Rob Da Bank
Radio 1 DJ
There have been so many amazing moments: when Chris Hoy became our greatest Olympian, Usain Bolt's races and Nicola Adams and Katie Taylor in the boxing for the pure delight it showed and the benefits to her family and to Ireland. The whole thing has been a lift for the nation. The legacy is that the Games have been a huge success in the eyes of the world, in terms of the opening ceremony - except Paul McCartney - the warmth and friendship of the crowds and their support for athletes like the Saudi Arabian girls and the amazing sportsmanship we've demonstrated even in defeat. We've been putting the 'great' back into Great Britain.
I enjoyed the behind-the-scenes shots of Denise Lewis, Colin Jackson and Michael Johnson jumping up and down while watching Mo Farah win the 10,000m. The footage was an exciting contrast to their usual professionalism. The legacy is the buoyant memory of how great we've been and the warmth, wit, quirkiness, and individuality with which we've conducted the Games. And also how well the athletes, volunteers and supporters have conducted themselves. We will feel proud at how efficient we have been – a quality we value in others. We've not fumbled or hammed it up; we have vanquished all we have surveyed with tremendous cordiality.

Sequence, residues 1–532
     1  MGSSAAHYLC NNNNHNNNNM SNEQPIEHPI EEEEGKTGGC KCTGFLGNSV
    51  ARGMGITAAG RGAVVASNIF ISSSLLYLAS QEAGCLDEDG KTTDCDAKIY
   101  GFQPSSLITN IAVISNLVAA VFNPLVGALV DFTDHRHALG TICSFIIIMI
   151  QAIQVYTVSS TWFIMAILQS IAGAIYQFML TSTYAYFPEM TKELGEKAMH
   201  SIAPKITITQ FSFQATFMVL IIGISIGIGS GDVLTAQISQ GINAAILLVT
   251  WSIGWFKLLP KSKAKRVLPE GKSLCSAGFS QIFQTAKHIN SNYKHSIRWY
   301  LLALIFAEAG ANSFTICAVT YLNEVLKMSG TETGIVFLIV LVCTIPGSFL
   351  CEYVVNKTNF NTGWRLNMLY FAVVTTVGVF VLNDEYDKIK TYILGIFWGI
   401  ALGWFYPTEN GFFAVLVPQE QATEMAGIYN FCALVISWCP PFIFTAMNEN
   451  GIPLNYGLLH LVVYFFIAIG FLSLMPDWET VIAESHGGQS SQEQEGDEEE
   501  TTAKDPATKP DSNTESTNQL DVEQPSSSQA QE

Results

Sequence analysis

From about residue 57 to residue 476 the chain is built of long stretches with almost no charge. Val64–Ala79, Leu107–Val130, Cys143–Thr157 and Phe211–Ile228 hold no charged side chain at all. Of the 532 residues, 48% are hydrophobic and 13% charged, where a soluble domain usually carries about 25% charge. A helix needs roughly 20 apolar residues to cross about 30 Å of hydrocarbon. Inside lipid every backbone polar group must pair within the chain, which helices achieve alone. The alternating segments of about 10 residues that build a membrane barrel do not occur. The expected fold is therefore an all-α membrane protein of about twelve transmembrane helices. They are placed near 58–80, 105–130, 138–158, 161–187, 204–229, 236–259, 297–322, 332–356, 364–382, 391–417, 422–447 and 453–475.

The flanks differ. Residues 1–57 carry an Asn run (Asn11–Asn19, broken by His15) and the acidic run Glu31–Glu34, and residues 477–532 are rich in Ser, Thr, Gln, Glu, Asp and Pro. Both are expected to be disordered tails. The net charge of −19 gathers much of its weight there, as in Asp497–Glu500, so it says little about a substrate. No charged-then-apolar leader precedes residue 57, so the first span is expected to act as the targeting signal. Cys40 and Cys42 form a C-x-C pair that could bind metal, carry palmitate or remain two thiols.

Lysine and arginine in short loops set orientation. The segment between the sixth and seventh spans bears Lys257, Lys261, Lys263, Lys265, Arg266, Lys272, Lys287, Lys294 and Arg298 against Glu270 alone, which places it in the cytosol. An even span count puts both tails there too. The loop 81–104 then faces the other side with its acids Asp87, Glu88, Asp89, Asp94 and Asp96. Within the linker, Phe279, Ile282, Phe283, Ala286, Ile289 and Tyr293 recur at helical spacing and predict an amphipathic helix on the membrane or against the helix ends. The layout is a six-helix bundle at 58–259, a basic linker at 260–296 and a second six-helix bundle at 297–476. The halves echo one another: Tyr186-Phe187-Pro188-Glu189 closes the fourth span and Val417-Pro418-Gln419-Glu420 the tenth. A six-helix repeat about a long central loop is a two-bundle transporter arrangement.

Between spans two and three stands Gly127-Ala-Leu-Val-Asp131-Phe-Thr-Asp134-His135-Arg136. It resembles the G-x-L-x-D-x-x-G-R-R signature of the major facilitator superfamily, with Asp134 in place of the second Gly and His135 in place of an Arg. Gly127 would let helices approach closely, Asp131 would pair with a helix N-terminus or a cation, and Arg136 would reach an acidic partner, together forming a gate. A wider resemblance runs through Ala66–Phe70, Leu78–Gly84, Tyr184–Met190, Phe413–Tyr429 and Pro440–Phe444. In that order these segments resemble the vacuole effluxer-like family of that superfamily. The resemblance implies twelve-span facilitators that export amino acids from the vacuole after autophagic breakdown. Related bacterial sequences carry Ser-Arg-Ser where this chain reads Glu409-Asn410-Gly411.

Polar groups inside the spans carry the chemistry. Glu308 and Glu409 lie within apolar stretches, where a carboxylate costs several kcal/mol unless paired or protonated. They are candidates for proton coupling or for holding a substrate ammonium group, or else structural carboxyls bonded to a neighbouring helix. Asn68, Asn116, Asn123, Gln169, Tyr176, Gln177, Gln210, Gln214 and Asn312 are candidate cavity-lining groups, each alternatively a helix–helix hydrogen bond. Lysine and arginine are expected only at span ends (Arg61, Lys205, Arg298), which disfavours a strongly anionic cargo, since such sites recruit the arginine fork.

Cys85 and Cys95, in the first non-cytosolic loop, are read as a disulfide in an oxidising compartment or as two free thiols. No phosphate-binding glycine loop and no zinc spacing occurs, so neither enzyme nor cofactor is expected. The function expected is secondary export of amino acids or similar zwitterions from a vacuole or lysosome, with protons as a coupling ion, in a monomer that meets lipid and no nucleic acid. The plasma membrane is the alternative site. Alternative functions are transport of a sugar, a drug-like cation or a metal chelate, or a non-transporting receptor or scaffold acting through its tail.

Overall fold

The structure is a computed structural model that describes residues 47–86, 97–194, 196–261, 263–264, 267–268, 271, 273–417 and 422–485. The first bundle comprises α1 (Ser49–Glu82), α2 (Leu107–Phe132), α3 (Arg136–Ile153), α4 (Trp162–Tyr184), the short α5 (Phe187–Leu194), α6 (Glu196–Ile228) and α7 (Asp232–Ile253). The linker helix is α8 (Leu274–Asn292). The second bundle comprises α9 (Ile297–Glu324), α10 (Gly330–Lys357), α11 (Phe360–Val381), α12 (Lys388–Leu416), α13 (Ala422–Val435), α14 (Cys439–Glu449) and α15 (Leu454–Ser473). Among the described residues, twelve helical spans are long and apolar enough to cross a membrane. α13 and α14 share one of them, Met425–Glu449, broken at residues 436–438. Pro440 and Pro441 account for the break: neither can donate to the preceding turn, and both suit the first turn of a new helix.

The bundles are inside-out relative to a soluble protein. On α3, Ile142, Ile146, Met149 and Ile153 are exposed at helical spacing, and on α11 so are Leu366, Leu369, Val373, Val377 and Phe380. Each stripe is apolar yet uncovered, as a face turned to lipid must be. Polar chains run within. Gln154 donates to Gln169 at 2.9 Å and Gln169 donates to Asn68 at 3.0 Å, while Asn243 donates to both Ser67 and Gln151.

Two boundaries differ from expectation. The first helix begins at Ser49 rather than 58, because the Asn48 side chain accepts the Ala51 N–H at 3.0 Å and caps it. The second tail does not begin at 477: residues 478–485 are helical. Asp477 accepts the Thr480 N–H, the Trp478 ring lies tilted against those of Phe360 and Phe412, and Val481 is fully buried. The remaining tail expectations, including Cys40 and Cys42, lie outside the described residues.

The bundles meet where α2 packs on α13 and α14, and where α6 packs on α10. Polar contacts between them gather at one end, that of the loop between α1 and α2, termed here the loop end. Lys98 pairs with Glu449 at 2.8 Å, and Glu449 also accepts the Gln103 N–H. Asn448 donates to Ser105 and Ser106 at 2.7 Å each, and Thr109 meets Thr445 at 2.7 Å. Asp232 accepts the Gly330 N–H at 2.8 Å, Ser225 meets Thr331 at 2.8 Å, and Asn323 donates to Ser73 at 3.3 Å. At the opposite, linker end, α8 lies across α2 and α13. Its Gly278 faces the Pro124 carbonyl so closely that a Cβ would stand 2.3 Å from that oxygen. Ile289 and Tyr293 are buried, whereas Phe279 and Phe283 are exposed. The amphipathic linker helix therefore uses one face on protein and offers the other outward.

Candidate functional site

I loved Usain Bolt during the 100m sprint final. There was so much doubt that he could do it, but in that moment he pulled it off! I don't know what the Olympic legacy will be. A good thing can fall apart quickly, it has to be maintained. But the Olympics give such a sense of devotion and dedication, especially for children. Athletes inspire people, it's about commitment, and if that happens, the games will leave a brilliant legacy.
Contemporary dancer and choreographer, participant in the opening ceremony
My favourite moment happened when I was in France and a French athlete won bronze in the judo. She obviously didn't expect to win anything and was so ecstatic that she ran round the whole arena. It was the most delightful exhibition of happiness that I have ever seen. However, I think that the only real legacy that will come from the Games is that I have done absolutely no work and am now going to behind for the next two weeks!
Columnist, author and comedian
It's been absolute magic. I think it has done fantastic things for women. They have been glorious, but not in a ball-breaking way, and their achievements will do great things for the feminist cause. Everyone goes on about multiculturalism being a load of crap, but it worked so well for the Olympics. People of all colours have had such camaraderie together. It would be a wonderful thing if that could happen across the country all the time.